Colorado teen pleads guilty to conspiring to assist Islamic State

Shannon Conley entered her plea Wednesday at the US federal courthouse in Denver. Potentially thousands of young people from Western nations have fled their homelands to join the Islamic State and other militants in Syria.

Brennan Linsley/AP
Ana and John Conley, parents of defendant Shannon Conley, exit the US federal courthouse following their daughter's plea hearing, in Denver, Wednesday. Shannon Conley, a 19-year-old suburban Denver woman who federal authorities say intended to wage jihad, has pleaded guilty under a deal that requires her to give authorities information about others with the same intentions.

A Colorado teenager pleaded guilty in federal court Wednesday to conspiring to assist Islamic insurgents in Syria.

Shannon Conley of Arvada, Colo., is charged with one count of conspiracy to provide material support to the militant group known as the Islamic State or IS (also known as ISIS or ISIL). During a hearing at the US federal courthouse in Denver, she agreed to a plea deal that requires her to help law enforcement identify other individuals with similar intentions. She could serve up to five years in prison and owe a fine of $250,000.

The 19-year-old has been held in Denver County Jail since federal agents arrested her on a Denver International Airport jetway on April 8. She was preparing to board a flight to Germany, presumably the first leg of a trip to Syria.

Federal prosecutors charge that Ms. Conley, a converted Muslim, admitted to federal investigators that she planned to immigrate to Syria, where she wanted to offer her nursing skills to Islamic fighters.

Federal agents had been keeping tabs on Conley since November 2013, when the pastor and security director of the Faith Bible Chapel in Arvada alerted local police that she had been taking notes about the layout of the church campus. Church officials told the Federal Bureau of Investigation that she became confrontational and started talking about terrorism when staff approached her.

Federal investigators interviewed her several times between November and March. During those interviews, Conley told FBI agents that she was sympathetic to IS’s efforts “to correct the wrongs against the Muslim world,” according to court documents.

She told investigators that she had fallen in love with and intended to marry an IS fighter from Tunisia, according to the documents. Investigators reportedly made several attempts to dissuade her of her plans to join her suitor in Syria.

She reportedly told the agents that she wished to carry out jihad, but lacked the means to do so. When warned that she was expressing a desire to commit a crime to law enforcement officers, she replied she "would rather be in prison than do nothing,” the documents state.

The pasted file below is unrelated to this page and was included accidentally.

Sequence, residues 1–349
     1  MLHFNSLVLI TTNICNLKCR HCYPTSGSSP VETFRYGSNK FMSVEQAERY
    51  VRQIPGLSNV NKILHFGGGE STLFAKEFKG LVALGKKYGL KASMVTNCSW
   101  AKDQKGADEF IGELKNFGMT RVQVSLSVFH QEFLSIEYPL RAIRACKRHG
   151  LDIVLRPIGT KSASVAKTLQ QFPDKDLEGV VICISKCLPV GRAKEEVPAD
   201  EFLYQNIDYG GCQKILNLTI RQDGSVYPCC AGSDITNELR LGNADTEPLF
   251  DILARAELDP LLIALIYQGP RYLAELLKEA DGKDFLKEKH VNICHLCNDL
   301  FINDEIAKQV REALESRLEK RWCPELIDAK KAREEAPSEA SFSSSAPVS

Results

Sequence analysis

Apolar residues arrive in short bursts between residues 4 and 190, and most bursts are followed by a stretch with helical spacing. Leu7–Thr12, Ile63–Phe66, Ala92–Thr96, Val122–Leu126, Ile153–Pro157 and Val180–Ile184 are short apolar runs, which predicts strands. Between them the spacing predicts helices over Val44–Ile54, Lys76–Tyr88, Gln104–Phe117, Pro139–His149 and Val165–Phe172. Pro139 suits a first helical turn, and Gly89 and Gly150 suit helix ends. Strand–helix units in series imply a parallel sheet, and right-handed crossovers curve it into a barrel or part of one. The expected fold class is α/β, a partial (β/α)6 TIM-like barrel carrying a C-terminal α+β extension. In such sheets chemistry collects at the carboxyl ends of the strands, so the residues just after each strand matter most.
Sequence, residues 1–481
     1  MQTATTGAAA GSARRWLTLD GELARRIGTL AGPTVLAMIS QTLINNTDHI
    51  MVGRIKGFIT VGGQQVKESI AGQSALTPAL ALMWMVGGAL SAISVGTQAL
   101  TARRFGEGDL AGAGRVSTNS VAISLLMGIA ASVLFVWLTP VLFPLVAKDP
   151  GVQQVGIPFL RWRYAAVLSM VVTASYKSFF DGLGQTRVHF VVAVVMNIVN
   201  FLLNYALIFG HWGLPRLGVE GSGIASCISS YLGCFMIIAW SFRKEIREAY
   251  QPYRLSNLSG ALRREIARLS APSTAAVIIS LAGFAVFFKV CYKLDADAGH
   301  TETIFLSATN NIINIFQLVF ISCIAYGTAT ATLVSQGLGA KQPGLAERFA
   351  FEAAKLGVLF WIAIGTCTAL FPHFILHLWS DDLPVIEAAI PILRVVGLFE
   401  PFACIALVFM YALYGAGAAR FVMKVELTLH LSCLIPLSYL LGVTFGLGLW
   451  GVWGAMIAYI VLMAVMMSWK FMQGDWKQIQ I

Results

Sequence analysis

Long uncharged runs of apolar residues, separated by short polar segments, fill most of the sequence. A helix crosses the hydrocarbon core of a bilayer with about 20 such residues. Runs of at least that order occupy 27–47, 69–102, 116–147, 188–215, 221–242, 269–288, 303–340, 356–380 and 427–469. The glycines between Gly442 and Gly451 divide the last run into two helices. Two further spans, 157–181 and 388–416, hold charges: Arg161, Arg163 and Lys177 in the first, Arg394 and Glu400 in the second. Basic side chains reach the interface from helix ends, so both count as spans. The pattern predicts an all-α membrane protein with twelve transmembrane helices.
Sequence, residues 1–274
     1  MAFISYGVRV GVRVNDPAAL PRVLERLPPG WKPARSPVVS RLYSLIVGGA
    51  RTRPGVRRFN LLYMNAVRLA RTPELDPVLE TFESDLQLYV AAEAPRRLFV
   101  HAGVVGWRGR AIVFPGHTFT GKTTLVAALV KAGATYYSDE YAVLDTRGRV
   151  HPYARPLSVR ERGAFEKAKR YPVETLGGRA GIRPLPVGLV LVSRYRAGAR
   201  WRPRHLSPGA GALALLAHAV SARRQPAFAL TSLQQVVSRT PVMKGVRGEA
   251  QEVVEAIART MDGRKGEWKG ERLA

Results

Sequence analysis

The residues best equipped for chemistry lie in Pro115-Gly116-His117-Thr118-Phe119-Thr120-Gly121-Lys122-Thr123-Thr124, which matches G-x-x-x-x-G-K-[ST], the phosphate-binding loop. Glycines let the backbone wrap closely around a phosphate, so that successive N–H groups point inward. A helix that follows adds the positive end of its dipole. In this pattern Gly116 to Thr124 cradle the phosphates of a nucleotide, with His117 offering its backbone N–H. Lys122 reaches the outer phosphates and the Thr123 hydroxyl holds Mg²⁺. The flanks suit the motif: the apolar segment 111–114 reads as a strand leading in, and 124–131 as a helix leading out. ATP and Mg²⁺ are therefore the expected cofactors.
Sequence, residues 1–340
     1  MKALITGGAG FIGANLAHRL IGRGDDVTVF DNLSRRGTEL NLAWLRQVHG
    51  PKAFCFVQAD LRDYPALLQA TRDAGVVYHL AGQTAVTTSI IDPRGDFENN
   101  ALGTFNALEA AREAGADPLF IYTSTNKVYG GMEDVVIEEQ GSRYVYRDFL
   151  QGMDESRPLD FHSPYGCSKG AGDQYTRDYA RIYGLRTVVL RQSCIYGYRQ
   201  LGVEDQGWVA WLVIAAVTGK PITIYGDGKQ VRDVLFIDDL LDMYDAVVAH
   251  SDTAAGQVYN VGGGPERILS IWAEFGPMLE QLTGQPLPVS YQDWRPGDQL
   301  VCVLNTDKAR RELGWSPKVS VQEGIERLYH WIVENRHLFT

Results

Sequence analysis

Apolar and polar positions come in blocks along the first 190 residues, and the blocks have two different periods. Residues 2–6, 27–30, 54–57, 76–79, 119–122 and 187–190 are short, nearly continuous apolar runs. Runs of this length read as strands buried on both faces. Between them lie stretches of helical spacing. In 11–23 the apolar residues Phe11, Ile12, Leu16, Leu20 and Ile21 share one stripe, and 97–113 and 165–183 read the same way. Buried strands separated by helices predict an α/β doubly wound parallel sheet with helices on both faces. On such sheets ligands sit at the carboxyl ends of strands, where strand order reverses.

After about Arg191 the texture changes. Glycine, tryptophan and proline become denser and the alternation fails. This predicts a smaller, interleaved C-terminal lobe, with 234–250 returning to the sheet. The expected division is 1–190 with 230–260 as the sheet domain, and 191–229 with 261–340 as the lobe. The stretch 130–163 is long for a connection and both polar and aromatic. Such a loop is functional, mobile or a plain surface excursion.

In an April 4 interview, she reportedly told investigators that there was no way to stop her from pursuing her plans to joining her suitor in Syria. Four days later, agents apprehended her as she attempted to board an international flight at the Denver airport.

In recent months, it has become clear that potentially thousands of young people from Western nations have renounced their national loyalties and fled their homelands to join Islamic militants in Syria, as the Monitor's Sara Miller Llana wrote in July

Many of the young defectors are driven by the reluctance of Western governments to intervene in the strife in Syria, Ms. Miller Llana reported. Some are Muslim by birth, while others – like Conley – only recently converted to Islam.

As many as 2,000 Europeans have defected to Syria, estimates the International Center for the Study of Radicalization at King's College London. An Islamic fighter shown beheading American journalist James Foley in a video posted online Aug. 19 spoke with a British accent, suggesting that the executioner may be a British citizen.

It is unclear how many US citizens may have joined Islamic forces. Rep. Mike Rogers (R) of Michigan, chairman of the House Intelligence Committee, told Fox News on Aug. 31 that hundreds of Americans had traveled overseas to fight alongside Islamic militants.

“I’m very concerned, because we don’t know every single person that has an American passport that has gone and trained and learned how to fight,” Representative Rogers said.

US Defense Secretary Chuck Hagel shares that concern but also suggests that Rogers's figure may be high.

'”We have acknowledged publicly we are aware of over 100 US citizens who have US passports who are fighting in the Middle East with ISIL forces,” Secretary Hagel said during a televised interview on Sept. 5, according to the Daily Mail. “There may be more, we don’t know.”

An American citizen has been linked to a suicide bombing in Syria in May, and another American was killed while fighting alongside IS forces in Syria last month.

Sen. Ted Cruz (R) of Texas has proposed a bill that would allow the US government to revoke the citizenship of Americans who join Islamic militants in Iraq and Syria. The Expatriate Terrorist Act would designate fighting for a hostile foreign government or foreign terrorist organization as an act of renunciation of citizenship.

“By fighting for ISIS, US citizens have expressed their desire to become citizens of the Islamic State, and that cannot and will not peacefully coexist with remaining American citizens,” Senator Cruz wrote in a letter to the president announcing the bill. "We should not be facilitating their efforts by allowing fighters fighting alongside ISIS to come back to America with American passports and walk freely in our cities to carry out unspeakable acts of terror."

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